I was torn between posting a late Battlefield 3 review that included a campaign review and getting something up sooner that focused on multiplayer. I went with the latter. So to those of you who really want to know the skinny on Battlefield 3’s campaign, my apologies to the two of you. You’ll have to wait a bit longer.
Battlefield 3 has been hyped beyond belief, so much so that it has become EA’s biggest release of the year. EA wants to steal the FPS crown form Call of Duty, but if this is the best we’re getting from this game, it’s not going to happen.
Let me get this out of the way first: The version of Battlefield 3 that was played for this review was for the Xbox 360. Battlefield 3 is meant to be played on PC. The graphics are better, the online arenas are bigger, and the game is said to run smoother. I wouldn’t know about the “smoother” part for sure since I experienced the game on the 360, because that experience was anything but smooth.
Game crashes, party drops, booted in the middle of matches... you name it and it happened. To put it succinctly, Battlefield 3 suffers every online woe you can imagine. I spent most of my time playing “Rush” mode, which is the most enjoyable gametype.
Rush mode is an offense versus defense gametype that requires the offense to capture two objectives with a limited number of lives. Once captured, a new section opens on the map with two additional objectives. The maps are so large that Rush matches can easily take 20 minutes. Just imagine my frustration when I got booted from a match after 12 minutes of hard work.
(You'll only see graphics like this if you have a top notch PC, not a 360 or PS3)
It wasn’t just me having the problems. I played with four friends on multiple occasions, and there wasn’t one day that didn’t see any problems. One special night had each of our Xboxes freeze on four separate occasions.
Common review scores for this game are in the 8 to 9 range, which is pretty shocking. Reviews consist of opinions, and I can’t fault a reviewer for his or her opinion. But when a game fails to function on a technical level, this takes opinion out of the equation. Battlefield 3 either works or it doesn’t. Sadly, it doesn’t, and it should be judged harshly for its faults.
The game’s graphics are underwhelming, especially if you’re expecting the crystal clear action from the commercials. The commercials and every other video out there of Battlefield 3 are of the game’s PC version. The console counterpart has less detail and a slower frame rate.
(I wish I could show you the console graphics, but PC screens are all that's available on the BF3 site)
Battlefield 3’s graphics are also inconsistent. Objects and smoke effects look great in the distance, but they aren’t great up close. The same goes for textures. Textures look blurry and pixilated at close range.
Other than graphics and server flaws, another annoyance is the post-game lobby. You can’t quit out of your current group while in the post-game lobby. Instead, you have to wait for the next match to start, and then quit from there. You have to sit and wait for 60 seconds, plus another 30-45 seconds for the next match to load before you can quit your match. This may seem insignificant, but that time adds up when it could be spent in the online arena.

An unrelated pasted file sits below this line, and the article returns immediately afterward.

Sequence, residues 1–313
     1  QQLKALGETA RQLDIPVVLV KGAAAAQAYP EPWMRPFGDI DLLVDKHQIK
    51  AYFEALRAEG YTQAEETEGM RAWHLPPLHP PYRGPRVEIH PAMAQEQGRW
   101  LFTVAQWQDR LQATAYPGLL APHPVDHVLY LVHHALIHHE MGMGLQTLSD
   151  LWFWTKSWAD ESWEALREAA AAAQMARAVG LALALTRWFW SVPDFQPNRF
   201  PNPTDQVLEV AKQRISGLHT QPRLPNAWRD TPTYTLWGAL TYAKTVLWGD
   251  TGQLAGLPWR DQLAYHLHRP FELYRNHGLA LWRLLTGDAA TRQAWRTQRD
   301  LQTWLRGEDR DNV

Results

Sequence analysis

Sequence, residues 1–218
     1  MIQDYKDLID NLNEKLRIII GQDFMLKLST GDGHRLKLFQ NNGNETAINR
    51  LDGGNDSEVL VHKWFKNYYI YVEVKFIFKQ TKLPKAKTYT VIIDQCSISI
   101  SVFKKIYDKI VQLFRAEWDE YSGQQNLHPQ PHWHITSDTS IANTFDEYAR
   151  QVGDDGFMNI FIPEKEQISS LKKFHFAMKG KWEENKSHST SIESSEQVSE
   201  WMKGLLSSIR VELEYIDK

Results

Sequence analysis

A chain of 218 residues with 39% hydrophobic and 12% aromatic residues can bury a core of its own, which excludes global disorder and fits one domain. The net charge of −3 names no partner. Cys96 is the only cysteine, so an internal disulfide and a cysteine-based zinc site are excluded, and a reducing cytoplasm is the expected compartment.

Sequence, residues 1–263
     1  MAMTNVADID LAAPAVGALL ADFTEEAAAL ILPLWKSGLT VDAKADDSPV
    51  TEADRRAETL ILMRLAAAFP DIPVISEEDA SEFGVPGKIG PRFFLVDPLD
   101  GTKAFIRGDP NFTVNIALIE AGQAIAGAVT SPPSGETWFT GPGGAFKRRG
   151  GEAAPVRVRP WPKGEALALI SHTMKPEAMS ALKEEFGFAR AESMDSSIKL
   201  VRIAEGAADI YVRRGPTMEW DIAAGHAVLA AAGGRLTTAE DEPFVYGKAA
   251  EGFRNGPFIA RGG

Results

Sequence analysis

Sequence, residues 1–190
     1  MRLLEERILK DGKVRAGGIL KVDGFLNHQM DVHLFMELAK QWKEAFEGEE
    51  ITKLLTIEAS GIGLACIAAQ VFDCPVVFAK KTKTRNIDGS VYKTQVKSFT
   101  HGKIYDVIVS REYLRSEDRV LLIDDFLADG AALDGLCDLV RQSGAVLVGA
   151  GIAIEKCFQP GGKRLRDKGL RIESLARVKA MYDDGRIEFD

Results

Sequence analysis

Battlefield 3’s technical flaws hold back what could otherwise be called an enjoyable online shooter. It’s a natural comparison to juxtapose Battlefield 3 and Call of Duty because of their realistic, modern war nature, but the truth is that these are two very different games. Battlefield 3 is far more team-based than Call of Duty, requiring good communication and exceptional vehicle use on gigantic maps.
The vehicles add a new element to the usual FPS play. Don’t expect to hop in a chopper and get a 15 killstreak like in Call of Duty. It doesn’t work like that. Vehicles, if not used properly, are an easy target to take out. There’s a definite learning curve for both ground and air vehicles.
Destructible environments have become a staple of the Battlefield series. It’s another gameplay element that sets it apart from every other FPS out there. Campers are no longer a problem when you can simply level the building that’s housing said camper.
Battlefield 3 has potential, but there are too many glaring online issues to call it elite. The multiplayer modes are there to keep plenty of replay value on the battlefield, but your replays will most likely be cut short thanks to inexcusable server issues. EA made the puzzling choice to go with the song “99 Problems” by Jay-Z for Battlefield’s TV commercials. Now that I’ve played the game, the decision makes perfect sense.
7 out of 10
There’s fun shooter action to be had when it works
Destructible environments give an experience only achieved with Battlefield
A myriad of online issues
Subpar graphics on console
Causes complete game freezes
Article source: Battlefield 3 - Multiplayer Review